Does Collagen Work In Serums & Creams? What You Need to Know
When collagen came buzzing into the skin care world, it gave us hope for a more plump, youthful, and glowing complexion—and since then it has been stamped on what feels like hundreds of products we see in the beauty aisle. But do topical collagen-infused skin care products actually work? We spoke to the experts to find out.
Does collagen in skin care products do anything?
From creams and serums to even makeup, collagen has become a huge marketing tool to draw us into healthy aging products. Well, it turns out that these creams do hydrate; however, it's not scientifically possible for collagen to be absorbed or penetrate the skin from the outside. "Collagen is a huge molecule that sits on the surface of the skin and cannot be absorbed into the dermis," board-certified dermatologist Dendy Engelman, M.D., says. "When applied topically, it is not possible for collagen to penetrate, which is why we use other actives to stimulate collagen production." She confirms that any product that claims benefits is simply a marketing tactic.
Board-certified dermatologist Deanne Mraz Robinson, M.D., agrees with the falsehood of collagen benefits in topical products. "Unfortunately, the hype behind topical collagen is just that: hype," she says.
So, how should you use collagen to help the skin? Supplements.*
Now that we know creams and serums aren't the way to go when trying to maximize collagen benefits for our skin, we asked the experts what's the best way to support collagen production, and the answer was unanimous: supplements.* And more specifically, hydrolyzed collagen supplements.*
"When a collagen supplement is hydrolyzed, the collagen has been broken down, making it easier for you to absorb," says Robinson. From there, the broken-down collagen peptides travel throughout the body; in the case of skin, they help support your body's natural collagen production.* Engelman explains the process of hydrolyzing collagen further. "Oral supplements can help to support the body's natural collagen production by being absorbed through the bloodstream," she says.* "Hydrolyzed collagen is easiest to digest, as it is broken down into the smallest forms of peptides and amino acids."
Research 1shows that these collagen peptides are able to support skin elasticity and dermal collagen density1.* How? Well, hydrolyzed collagen peptides have been shown to help promote your body's natural production of collagen2 and other molecules that make up the skin, like elastin and fibrillin.* "It can help reduce skin wrinkling, providing the skin one of its basic ingredients to stay firm and taut," says Taz Bhatia, M.D., an integrative medicine physician and mbg Collective member.*
3 topical actives that actually stimulate collagen.
Once you've got your supplement to promote your natural collagen levels, if you're still looking for ways to aid your collagen production, there are osome skincare ingredients that may help stimulate collagen production topically.* Starting internally is still your best bet, but these will help your skin along in the process.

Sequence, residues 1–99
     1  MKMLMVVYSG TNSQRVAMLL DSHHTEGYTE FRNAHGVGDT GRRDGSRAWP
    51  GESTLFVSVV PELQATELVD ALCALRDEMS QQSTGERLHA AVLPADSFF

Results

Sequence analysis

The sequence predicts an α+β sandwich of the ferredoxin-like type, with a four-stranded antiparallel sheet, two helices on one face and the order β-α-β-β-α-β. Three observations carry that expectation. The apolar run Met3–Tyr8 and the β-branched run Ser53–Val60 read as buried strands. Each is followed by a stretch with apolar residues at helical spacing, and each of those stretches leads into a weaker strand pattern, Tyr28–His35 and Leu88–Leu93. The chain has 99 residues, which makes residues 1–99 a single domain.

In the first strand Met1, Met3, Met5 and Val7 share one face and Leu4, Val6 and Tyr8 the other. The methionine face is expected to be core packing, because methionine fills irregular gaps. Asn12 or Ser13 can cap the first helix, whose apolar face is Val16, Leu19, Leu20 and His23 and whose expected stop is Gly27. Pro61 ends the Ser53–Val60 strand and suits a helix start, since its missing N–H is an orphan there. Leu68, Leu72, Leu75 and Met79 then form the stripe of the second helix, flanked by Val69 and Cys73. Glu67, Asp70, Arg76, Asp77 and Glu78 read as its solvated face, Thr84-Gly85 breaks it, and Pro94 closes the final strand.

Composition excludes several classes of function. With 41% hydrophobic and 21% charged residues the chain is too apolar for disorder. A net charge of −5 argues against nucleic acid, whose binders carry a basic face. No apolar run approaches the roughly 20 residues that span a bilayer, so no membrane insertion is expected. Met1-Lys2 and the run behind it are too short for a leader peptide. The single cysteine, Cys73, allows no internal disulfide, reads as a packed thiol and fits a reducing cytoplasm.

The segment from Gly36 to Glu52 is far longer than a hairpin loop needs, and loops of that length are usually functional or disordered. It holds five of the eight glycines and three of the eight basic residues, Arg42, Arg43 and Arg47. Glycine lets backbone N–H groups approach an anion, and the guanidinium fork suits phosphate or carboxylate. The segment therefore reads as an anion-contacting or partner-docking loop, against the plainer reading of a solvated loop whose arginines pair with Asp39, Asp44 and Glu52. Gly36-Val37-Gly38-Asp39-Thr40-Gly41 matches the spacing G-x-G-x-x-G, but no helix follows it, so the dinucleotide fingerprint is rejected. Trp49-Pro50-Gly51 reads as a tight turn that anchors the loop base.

"Retinol, the active form of vitamin A in the body, and especially retinoic acid, work to increase cell turnover, build collagen, improve discoloration, hydrate skin, and reduce acne by replenishing the body of vitamin A," says Engleman. She also notes that retinoic acid can connect almost any skin cell receptor site and tell it to behave like a healthy, younger skin cell. If you're new to retinol, it's always a good idea to consult with your dermatologist before using, as some might find it too irritating. For a natural, more gentle version, try bakuchiol. Research shows that it encourages skin to act in similar ways as retinol3, increasing cell turnover and collagen production.
Then there's the other go-to for collagen production: vitamin C. "Collagen synthesis relies on vitamin C, so I always recommend a topical vitamin C antioxidant serum," Robinson says. "Vitamin C supports the body's natural ability to produce collagen, and it defends against damage that may expedite a further breakdown of collagen." Vitamin C is also great for decreasing the appearance of hyperpigmentation and helps improve the overall appearance of the skin.
Board-certified dermatologist Joshua Zeichner, M.D., says along with retinol and vitamin C, you may also consider certain hydroxy acids like glycolic acid4. "Glycolic acid creates a wound-healing response that stimulates new collagen," Zeichner says. It's also a great ingredient to tackle stubborn acne.
The bottom line.
Promoting collagen production comes from the inside out. So if you really want to support your natural levels, a hydrolyzed collagen supplement is your best bet.* From there, there are plenty of other collagen-stimulating actives that you can use topically.
Andrea Jordan is a beauty and lifestyle freelance writer covering topics from hair and skincare to family and home. She received her bachelor's in Magazine Journalism from Temple University and you can find her work at top publications like InStyle, PopSugar, StyleCaster, Business Insider, PureWow and OprahMag. When she's not writing, you can find Andrea tackling new recipes in the kitchen or babysitting one of her many nieces and nephews. She currently resides in New Jersey with her husband and cat, Silas.